Recap

'Breaking Bad' Recap: Buyout

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Aug 20, 2012 | 7:37am EDT

ALTThe second episode of Breaking Bad, "Cat's in the Bag," features one of the the most memorable sequences in the series' history: After a long day of fumbles, Jesse clumsily put his former partner's body in a bathtub full of hydrofluoric acid, only to see a a steaming, bloody mess seeping from the ceiling a short time later. The ceiling then collapsed, followed by a steady stream of guts, which made for one hell of a hilariously disturbing image. "I'm sorry, what were you asking me?" Walt said, bitterly. "Oh yes. That stupid plastic container I asked you to buy. You see, hydrofluoric acid won't eat through plastic. It will, however, dissolve metal, rock, glass, ceramic. So, there's that."

Walt and Jesse were a mess back then. Between Walt's mental struggle with the issue of killing Krazy 8, Jesse's stupidity and meth use, and Skyler's moral issues with Walt's "pot smoking," it seemed unlikely that these two clowns would ever become successful in the meth business. And yet, one short year later, here we are — right smack in the middle of the "empire" business. The guys who couldn't even dispose of one measly, low level drug dealer body have now successfully robbed a train, and disposed of the most powerful drug lord in the American Southwest.

(See below for a trip down memory lane:)

But business as usual is about to come to an end. Because tonight, a different body was submerged in hydrofluoric acid — only this time, the procedure was done with a sickeningly passive precision, by men who have clearly done this before. There was no slapsticky humor this time around, and no body was shown — instead, the emotional impact was felt when the men took apart the boy's bike (because, remember, hydrofluoric acid can eat through metal), piece by piece. It wasn't his body, but it might as well have been. It was a symbol of boyhood, youth, and freedom, that was quickly dissolved when Todd pulled the trigger.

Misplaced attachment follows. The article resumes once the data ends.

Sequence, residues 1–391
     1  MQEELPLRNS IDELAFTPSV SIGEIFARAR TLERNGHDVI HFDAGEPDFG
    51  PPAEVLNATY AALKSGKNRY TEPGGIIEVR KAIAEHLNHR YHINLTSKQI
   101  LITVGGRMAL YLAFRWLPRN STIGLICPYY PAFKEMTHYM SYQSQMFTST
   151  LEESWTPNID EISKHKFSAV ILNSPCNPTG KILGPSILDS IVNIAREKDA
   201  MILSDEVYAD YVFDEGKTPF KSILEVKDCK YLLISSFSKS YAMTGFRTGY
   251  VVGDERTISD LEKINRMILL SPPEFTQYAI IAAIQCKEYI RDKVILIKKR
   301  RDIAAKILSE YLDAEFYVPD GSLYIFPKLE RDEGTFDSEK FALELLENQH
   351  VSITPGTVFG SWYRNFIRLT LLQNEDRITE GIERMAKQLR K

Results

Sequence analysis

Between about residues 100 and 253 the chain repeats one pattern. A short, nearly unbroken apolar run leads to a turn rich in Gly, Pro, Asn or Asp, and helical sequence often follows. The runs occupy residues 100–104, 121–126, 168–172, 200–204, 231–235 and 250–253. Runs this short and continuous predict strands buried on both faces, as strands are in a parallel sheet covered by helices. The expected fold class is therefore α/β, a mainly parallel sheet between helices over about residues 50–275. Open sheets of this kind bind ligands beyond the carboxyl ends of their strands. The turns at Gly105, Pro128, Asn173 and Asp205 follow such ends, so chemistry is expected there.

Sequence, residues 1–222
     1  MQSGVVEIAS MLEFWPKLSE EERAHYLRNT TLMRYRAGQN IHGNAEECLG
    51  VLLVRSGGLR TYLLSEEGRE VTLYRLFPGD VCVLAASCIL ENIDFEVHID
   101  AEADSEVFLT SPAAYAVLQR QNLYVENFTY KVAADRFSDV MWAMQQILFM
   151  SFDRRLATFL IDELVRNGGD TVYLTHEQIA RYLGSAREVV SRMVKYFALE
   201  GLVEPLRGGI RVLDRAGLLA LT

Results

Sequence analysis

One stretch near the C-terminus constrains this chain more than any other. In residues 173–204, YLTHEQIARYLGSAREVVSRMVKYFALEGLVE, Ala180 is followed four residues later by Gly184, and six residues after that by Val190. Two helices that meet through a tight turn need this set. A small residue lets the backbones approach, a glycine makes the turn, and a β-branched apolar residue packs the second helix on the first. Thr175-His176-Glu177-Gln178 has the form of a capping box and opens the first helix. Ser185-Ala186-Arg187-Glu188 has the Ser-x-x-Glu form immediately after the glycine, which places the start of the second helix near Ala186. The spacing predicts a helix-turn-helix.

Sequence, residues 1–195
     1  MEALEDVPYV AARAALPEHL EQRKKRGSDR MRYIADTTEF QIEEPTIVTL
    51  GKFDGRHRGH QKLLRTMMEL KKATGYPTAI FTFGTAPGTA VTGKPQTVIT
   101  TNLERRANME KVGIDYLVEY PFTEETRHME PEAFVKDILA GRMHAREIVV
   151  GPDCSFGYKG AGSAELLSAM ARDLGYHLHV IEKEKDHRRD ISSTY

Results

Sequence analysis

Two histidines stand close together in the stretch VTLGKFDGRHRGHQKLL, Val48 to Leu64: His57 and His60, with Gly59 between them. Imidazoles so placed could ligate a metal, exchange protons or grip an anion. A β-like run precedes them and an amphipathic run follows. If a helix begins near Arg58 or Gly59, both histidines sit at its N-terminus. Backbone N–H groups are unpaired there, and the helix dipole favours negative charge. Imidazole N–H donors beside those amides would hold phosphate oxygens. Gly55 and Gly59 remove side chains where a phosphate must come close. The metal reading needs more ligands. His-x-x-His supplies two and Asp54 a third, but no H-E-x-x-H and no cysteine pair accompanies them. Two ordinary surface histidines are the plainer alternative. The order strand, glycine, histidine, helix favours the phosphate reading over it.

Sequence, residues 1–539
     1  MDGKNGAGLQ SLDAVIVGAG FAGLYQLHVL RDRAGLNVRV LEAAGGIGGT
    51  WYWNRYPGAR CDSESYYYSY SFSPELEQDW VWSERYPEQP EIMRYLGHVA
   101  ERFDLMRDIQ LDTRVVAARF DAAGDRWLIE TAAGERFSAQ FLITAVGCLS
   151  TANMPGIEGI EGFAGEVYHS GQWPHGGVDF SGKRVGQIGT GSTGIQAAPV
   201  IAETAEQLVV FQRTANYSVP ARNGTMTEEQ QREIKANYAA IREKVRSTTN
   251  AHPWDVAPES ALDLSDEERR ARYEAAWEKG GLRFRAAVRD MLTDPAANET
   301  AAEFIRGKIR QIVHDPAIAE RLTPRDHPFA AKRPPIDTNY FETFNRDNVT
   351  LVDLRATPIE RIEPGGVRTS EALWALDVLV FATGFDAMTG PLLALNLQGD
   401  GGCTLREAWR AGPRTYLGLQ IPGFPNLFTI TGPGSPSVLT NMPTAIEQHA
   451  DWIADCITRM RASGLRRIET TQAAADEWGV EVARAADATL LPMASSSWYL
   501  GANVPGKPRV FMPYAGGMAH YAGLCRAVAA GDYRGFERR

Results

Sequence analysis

After the slow, horrific death of the bike, and the brief glimpse of the boy's dead hand in the dirt, he most important takeaway from this sequence was the disturbing lack of discussion. Yes, the little boy's death ultimately led to Mike and Jesse wanting to leave the business, but there was never any question about a different alternative — like, say, leaving the body somewhere so his parents wouldn't have to spend the rest of their lives wondering what happened to their son, feeling the agonizing guilt that comes with knowing you allowed him to go out on that bike alone in the first place. Nope, the kid had to go for Walt's money to stay. And Walt managed to escape without any damage done to his conscience — because it was Todd's fault. Nevermind the fact that it was Walt who told Todd — the dimwitted dweeb who desperately wanted in on the game — that absolutely no one could see what they were doing. Todd pulled the trigger, so it was Todd's fault. Walt's warped psyche somehow rendered himself blameless, so he was able to go about the horrible body-disposal business, as Mike stared in stoic disgust, and Jesse smoked a cigarette outside. The kid would disappear, Todd would be put on some sort of ambiguous probation, and Walt would go on making his meth like none of it had ever happened. This, coming from the guy who once gave psychotic drug dealer Krazy 8 some toiletries to make him feel more comfortable.